Eric Garner

Eric Garner's Death Won't Even Show Up in FBI Stats on Police Homicides

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And yet the DOJ seems to want oversight over local law enforcement practices.
Credit: Photographerlondon | Dreamstime.com

Reason has previously noted that for 2013, violent crime in the United States is down, killing of police officers (and violence directed toward police officers) is down, but homicides by police that were subsequently ruled justified were up. Law enforcement officers killed more than 400 people in 2013.

But that number is known to be incomplete. The FBI tracks justified homicides by police, but participation is voluntary. There is no actual national tracking of deaths at the hands of police unless they are to determined to be crimes and therefore show up in violent crime statistics. We don't have a real, credible number of how many people the police kill every year. So The Wall Street Journal attempted to compare numbers from law enforcement agencies with the numbers on the FBI's reports between the years 2007 and 2012. They found more than 500 deaths at the hands of law enforcement agencies unaccounted for in the FBI's reports. They conclude "it's nearly impossible to determine how many people are killed by the police each year":

The reports to the FBI are part of its uniform crime reporting program. Local law-enforcement agencies aren't required to participate. Some localities turn over crime statistics, but not detailed records describing each homicide, which is the only way particular kinds of killings, including those by police, are tracked by the FBI. The records, which are supposed to document every homicide, are sent from local police agencies to state reporting bodies, which forward the data to the FBI.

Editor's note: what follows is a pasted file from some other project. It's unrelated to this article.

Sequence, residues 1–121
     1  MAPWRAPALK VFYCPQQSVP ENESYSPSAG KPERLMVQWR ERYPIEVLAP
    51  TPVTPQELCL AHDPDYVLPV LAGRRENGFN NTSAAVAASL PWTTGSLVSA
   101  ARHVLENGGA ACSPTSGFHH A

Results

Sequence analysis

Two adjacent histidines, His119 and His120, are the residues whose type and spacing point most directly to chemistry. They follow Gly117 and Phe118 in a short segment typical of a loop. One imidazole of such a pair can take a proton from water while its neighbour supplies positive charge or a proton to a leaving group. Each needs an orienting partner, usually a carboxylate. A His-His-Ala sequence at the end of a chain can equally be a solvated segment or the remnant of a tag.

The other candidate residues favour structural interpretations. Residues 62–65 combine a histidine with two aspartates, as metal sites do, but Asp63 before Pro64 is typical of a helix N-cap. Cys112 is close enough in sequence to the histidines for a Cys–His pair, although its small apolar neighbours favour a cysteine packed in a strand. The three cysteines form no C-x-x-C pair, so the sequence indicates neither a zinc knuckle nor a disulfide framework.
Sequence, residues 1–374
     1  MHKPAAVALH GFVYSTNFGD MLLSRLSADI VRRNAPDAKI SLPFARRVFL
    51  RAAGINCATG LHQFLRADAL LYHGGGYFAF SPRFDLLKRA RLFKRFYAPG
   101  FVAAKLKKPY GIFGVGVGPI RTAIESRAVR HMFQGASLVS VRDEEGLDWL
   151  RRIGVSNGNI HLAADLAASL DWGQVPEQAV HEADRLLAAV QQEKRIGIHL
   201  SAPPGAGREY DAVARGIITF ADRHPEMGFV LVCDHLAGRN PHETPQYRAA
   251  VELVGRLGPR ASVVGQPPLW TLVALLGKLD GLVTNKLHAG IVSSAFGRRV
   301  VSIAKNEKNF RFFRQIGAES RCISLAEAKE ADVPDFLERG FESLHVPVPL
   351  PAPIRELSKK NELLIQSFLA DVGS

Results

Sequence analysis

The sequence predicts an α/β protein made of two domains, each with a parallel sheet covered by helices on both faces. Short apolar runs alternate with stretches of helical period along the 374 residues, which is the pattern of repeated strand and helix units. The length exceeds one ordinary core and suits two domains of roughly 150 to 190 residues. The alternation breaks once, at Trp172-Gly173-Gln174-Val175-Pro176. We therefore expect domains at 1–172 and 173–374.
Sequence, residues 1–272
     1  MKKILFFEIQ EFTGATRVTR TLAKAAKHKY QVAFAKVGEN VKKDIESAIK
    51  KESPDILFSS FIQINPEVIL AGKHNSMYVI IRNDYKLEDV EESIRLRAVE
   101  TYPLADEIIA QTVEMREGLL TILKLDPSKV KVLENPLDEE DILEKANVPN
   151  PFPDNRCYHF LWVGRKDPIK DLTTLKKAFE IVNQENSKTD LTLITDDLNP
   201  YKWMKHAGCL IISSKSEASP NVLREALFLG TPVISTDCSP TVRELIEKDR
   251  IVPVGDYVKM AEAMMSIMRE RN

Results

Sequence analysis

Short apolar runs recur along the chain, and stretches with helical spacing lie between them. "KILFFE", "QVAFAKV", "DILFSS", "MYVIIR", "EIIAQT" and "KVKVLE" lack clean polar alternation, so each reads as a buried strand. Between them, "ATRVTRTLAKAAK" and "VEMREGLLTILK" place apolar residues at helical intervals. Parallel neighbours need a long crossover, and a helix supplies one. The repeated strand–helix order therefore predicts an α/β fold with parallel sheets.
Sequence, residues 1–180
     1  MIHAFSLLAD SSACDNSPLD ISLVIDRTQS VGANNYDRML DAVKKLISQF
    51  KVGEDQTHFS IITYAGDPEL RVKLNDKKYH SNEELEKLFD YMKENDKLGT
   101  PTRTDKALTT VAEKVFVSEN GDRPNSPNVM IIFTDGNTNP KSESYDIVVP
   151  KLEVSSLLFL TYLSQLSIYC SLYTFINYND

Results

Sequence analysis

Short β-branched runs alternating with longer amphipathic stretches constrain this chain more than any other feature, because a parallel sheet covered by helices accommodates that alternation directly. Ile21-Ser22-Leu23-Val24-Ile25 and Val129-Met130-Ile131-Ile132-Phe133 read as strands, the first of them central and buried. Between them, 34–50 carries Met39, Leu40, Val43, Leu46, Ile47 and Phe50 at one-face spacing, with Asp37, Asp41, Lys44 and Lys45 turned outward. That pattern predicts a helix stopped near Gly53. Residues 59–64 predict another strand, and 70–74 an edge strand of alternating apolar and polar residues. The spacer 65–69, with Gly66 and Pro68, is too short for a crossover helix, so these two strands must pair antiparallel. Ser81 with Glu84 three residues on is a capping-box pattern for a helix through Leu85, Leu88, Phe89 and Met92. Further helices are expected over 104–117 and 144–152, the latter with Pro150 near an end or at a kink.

The Journal's analysis identified several holes in the FBI data.

Justifiable police homicides from 35 of the 105 large agencies contacted by the Journal didn't appear in the FBI records at all. Some agencies said they didn't view justifiable homicides by law-enforcement officers as events that should be reported. The Fairfax County Police Department in Virginia, for example, said it didn't consider such cases to be an "actual offense," and thus doesn't report them to the FBI.

The State of New York does not participate in the reporting program, according to the Journal, and therefore 68 homicides by New York City Police Department officers between the years 2007 to 2012 are not even in the FBI's count. It also means that Eric Garner's choking death at the hands of officers from the NYPD will not show up in the numbers next year when the FBI releases its statistics for 2014.  

Read the Wall Street Journal analysis here.

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